Founded in 1984 and with more than $100 million in annual revenue,
SPACEHAB is a leading provider of commercial space services. SPACEHAB
is the first company to commercially develop, own and operate
habitable modules that provide laboratory facilities and logistics
resupply aboard NASA’s Space Shuttles.

The company also supports astronaut training at NASA’s Johnson
Space Center in Texas and provides commercial satellite processing
services for Boeing’s Delta and Lockheed Martin’s Atlas launch
vehicles near Kennedy Space Center in Florida.

This release contains forward-looking statements that are subject
to certain risks and uncertainties that could cause actual results to
differ materially from those projected in such statements.

Such risks and uncertainties include, but are not limited to,
whether the company will fully realize the economic benefits under its
NASA and other customer contracts, the timing and mix of Space Shuttle
missions, the successful development and commercialization of new
space assets, technological difficulties, product demand, timing of
new contracts, launches and business, market acceptance risks, the
effect of economic conditions, uncertainty in government funding, the
impact of competition, and other risks detailed in the Company’s
Securities and Exchange Commission filings.

SPACEHAB’s Role in

International Space Station (ISS) Assembly and Resupply

July 2000

Assembly Flight 1A/R, November 20, 1998: Russian Proton rocket
launched Zarya control module. (No SPACEHAB payload.)

Assembly Flight 2A (STS-88), December 4, 1998: U.S. Space Shuttle
Endeavour launched Unity connecting module (Node 1) with two
Pressurized Mating Adapters that was linked to Zarya. (No SPACEHAB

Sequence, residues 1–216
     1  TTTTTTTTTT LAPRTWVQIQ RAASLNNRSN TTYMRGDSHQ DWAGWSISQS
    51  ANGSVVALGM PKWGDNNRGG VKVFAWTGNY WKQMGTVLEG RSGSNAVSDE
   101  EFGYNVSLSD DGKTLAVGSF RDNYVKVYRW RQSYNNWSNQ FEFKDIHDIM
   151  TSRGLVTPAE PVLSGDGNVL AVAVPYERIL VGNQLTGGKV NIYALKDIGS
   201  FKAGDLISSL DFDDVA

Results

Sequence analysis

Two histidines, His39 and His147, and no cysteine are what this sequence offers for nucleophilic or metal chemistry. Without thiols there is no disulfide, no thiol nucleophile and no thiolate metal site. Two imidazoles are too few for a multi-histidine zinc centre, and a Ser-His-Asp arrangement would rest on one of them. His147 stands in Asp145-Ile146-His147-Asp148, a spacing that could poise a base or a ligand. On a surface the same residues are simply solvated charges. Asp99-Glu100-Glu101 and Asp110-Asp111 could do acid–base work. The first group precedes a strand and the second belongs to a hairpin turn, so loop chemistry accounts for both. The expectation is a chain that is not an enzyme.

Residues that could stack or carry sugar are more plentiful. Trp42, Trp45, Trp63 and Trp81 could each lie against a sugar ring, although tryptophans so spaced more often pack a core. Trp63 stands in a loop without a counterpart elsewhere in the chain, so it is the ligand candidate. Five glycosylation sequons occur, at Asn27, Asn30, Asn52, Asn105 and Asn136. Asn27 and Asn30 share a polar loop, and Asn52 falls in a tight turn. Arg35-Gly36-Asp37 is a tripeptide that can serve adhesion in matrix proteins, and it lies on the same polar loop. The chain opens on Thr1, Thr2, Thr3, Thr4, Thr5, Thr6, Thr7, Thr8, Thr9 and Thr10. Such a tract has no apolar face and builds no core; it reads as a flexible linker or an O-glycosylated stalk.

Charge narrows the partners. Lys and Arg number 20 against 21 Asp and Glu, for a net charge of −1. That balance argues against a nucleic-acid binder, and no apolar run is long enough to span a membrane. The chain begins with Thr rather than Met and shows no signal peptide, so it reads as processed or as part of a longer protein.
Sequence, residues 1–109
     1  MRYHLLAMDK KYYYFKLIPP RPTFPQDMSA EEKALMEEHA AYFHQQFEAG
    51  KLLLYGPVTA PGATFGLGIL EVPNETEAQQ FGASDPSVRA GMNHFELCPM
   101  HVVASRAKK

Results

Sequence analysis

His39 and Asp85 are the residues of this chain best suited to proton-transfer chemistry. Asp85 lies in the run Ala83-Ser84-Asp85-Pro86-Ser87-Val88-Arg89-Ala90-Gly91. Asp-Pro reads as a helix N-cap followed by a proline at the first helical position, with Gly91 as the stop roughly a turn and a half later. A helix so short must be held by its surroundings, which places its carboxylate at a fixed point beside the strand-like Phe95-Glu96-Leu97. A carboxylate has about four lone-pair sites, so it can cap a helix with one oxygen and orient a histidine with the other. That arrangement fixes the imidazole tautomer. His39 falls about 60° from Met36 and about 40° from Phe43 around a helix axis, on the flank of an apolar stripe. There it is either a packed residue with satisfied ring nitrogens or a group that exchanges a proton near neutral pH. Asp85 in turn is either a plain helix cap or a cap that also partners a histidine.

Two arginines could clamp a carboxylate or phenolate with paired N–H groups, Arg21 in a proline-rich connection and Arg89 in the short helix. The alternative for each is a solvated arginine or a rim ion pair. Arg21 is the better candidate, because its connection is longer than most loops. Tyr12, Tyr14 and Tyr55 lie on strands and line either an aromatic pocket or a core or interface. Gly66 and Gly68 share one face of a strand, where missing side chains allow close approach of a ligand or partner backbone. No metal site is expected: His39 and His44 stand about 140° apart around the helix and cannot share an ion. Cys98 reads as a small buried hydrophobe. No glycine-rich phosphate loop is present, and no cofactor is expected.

Resupply Mission 2A.1 (STS-96), May 27, 1999: SPACEHAB Logistics
Double Module (LDM) and Integrated Cargo Carrier (ICC) and SPACEHAB
Oceaneering Space Systems (SHOSS) box launched on Shuttle Discovery,
carrying two tons of supplies to ISS including Russian Strela cargo
crane components.

Resupply Mission 2A.2a (STS-101), May 19, 2000: SPACEHAB LDM, ICC
and SHOSS box launched on Space Shuttle Atlantis, carrying more than
four tons of payload to ISS including Strela crane components and SOAR
(Space-Integrated Global Positioning Integrated System (SIGI)
Operational Attitude Readiness) technology-demonstration payload.

Assembly Flight 1R, July 12, 2000: Russian Proton rocket to launch
Zvezda service module, providing life support and living quarters for
ISS crew.

Resupply Mission 2A.2b (STS-106), September 2000: SPACEHAB LDM,
ICC and SHOSS box to be launched on Space Shuttle Atlantis, carrying
more than four tons of payload.

Assembly Flight 2R, fall 2000: Russian Soyuz rocket with three
crew members including U.S. astronaut William M. Shepherd, initiating
permanent habitation of ISS.

Assembly Flight 3A (STS-92), 2001: U.S. Space Shuttle Discovery to
launch Integrated Truss Structure, third Pressurized Mating Adapter,
Ku-band communications system, and attitude-control gyros.

Assembly Flight 7A.1 (STS-105), 2001: SPACEHAB ICC and two
SPACEHAB SHOSS boxes to be launched on Space Shuttle Discovery. ICC
will carry micrometeorite debris panels for the Russian Zarya module.

NASA and its partners have more than three dozen ISS assembly and
resupply missions planned over the next five years. SPACEHAB
anticipates playing a role in two to three of these missions per year.
NASA’s Research and Logistics Mission Support (REALMS) contract with
SPACEHAB provides options for numerous Space Shuttle flights.